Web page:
Identification and Characterisation of New Mouse Models for Hearing Loss

Parker, Andrew (2017). Identification and Characterisation of New Mouse Models for Hearing Loss. PhD thesis The Open University.



Mouse N-ethyl-N-Nitrosourea (ENU) mutagenesis programmes have been successfully employed for the identification of models of human disease, and allowed the discovery of novel gene associations. This thesis describes the characterization of two new ENU-induced mouse models of hearing loss, goya and Boycie, identified at the MRC Harwell Institute.

The goya mice carry a splice site mutation in the mitogen-activated protein kinase Map3k1 gene. In addition to an eyes-open-at-birth phenotype, Map3k1goya/goya mice initially develop supernumerary cochlear outer hair cells (OHCs) that subsequently degenerate, and a progressive profound hearing loss is observed by 9-weeks of age. Interestingly, heterozygote mice also develop supernumerary OHCs, but no cellular degeneration or hearing loss is observed. The extra OHCs were found not to arise from aberrant control of proliferation via p27KIP1. Expression of MAP3K1 is present in a number of inner ear cell types (inner and outer hair cells, spiral ganglion and stria vascularis), and investigation of targets downstream of MAP3K1 identified increased p38 phosphorylation in these cells. The goya mutant reveals a signalling molecule involved with hair cell development and survival.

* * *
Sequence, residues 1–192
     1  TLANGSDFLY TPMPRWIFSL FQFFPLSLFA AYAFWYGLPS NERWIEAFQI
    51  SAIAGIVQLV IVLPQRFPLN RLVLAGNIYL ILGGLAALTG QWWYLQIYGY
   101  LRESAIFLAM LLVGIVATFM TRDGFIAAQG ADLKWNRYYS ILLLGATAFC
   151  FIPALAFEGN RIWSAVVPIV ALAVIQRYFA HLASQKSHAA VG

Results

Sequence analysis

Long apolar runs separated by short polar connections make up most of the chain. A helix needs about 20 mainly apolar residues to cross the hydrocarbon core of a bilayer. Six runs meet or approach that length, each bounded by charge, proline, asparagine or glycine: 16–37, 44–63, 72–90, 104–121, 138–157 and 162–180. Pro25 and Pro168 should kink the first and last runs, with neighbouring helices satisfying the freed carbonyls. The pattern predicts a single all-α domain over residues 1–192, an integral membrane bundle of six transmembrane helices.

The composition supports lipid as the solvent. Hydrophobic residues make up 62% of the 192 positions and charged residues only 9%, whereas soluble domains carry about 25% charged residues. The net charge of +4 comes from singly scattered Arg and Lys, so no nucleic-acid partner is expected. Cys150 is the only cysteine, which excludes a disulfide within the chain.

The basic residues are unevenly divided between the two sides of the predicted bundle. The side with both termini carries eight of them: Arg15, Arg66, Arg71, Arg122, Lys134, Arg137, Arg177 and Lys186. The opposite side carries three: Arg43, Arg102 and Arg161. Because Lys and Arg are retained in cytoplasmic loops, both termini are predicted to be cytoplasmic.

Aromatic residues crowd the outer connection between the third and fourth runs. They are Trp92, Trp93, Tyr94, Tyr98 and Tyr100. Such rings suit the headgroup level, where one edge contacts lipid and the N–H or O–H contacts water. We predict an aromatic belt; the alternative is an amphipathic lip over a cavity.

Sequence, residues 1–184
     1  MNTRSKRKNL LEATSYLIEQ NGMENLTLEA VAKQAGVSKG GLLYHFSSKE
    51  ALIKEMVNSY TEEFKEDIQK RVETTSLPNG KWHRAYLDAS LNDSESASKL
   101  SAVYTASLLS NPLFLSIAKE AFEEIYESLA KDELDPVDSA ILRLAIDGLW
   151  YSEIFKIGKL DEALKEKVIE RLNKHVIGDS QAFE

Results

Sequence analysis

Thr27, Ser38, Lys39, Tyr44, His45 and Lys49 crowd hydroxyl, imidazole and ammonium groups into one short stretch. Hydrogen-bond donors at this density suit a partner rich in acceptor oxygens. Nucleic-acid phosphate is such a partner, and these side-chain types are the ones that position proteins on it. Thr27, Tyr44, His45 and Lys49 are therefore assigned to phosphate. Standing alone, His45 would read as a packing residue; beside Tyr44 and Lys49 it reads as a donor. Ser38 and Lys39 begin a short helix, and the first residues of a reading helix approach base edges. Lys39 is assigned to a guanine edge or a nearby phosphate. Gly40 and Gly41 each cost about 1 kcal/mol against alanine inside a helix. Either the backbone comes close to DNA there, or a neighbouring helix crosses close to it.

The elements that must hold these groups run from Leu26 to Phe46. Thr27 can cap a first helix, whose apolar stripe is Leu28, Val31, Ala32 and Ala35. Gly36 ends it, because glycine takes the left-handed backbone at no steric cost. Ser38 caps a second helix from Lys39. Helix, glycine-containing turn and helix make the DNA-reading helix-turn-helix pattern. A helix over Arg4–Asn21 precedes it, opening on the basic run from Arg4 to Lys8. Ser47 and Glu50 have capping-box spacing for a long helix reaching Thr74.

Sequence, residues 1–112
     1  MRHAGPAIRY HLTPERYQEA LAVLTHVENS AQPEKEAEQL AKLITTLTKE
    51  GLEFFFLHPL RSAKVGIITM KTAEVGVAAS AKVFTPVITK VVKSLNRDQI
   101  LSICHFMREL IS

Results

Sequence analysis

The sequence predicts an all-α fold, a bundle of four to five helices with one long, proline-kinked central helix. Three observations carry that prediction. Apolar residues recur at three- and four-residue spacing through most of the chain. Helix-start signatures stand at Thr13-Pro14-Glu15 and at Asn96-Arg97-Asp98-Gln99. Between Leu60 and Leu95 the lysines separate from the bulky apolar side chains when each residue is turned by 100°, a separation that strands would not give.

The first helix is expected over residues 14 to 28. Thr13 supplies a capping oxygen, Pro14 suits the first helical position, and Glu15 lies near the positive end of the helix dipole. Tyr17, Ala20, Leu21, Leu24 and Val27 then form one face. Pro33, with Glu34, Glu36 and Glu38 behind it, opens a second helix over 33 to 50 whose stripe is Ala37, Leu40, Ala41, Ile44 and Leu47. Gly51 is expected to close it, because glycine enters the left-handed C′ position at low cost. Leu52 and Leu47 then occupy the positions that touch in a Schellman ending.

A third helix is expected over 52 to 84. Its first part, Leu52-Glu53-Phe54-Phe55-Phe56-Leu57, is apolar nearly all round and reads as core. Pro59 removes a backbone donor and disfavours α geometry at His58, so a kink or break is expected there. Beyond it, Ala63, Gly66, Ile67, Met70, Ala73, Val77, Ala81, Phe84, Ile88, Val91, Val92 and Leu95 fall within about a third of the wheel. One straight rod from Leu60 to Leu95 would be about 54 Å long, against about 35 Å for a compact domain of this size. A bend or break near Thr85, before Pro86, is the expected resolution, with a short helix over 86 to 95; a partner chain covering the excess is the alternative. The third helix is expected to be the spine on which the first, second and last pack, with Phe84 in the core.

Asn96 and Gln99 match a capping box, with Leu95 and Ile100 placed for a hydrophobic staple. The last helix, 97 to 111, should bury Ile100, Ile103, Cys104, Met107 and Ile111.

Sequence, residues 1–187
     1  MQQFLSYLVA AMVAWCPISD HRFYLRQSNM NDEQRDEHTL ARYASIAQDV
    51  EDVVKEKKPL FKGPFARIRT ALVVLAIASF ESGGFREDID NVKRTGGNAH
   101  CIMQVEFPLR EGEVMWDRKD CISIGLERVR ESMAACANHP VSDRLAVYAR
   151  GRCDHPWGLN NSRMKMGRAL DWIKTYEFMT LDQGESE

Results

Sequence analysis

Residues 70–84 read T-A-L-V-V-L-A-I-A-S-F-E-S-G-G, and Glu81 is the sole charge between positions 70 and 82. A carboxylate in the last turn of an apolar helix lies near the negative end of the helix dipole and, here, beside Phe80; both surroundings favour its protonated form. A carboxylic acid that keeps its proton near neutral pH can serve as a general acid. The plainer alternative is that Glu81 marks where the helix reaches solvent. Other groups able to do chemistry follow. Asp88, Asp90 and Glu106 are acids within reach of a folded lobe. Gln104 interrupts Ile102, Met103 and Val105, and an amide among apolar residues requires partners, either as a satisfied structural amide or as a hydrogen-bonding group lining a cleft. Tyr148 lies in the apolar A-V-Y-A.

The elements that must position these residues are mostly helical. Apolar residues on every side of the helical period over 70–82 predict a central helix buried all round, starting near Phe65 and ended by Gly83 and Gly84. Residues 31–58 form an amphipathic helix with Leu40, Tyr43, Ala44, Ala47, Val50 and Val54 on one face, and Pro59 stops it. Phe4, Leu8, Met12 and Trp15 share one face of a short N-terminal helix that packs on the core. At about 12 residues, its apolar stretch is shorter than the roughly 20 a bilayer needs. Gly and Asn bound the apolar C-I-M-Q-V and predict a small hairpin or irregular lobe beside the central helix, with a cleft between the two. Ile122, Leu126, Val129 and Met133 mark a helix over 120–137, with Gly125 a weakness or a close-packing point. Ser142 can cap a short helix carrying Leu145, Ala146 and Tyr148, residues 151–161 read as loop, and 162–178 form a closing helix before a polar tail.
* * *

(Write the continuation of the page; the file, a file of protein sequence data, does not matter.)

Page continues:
Boycie mice were identified as exhibiting a high frequency progressive hearing loss with a semi-dominant mode of inheritance. Ultrastructural and morphological assessment of these mice identified interesting pathological findings, including: a consistent pattern of OHC loss in the basal and mid cochlear turns of both heterozygote and homozygote mice; thinning of the stria vascularis in similar cochlear regions; and, spiral ganglion neuron degeneration in the apical turn. The Boycie mutation was mapped to a ~3 Mb candidate interval on Chromosome 5 containing only one ENU-induced coding lesion, which is in the Orai1 gene that codes for a component of the calcium activated calcium entry (CRAC) channel.

These two novel mouse models highlight the important role for ENU mutagenesis in disease gene discovery.

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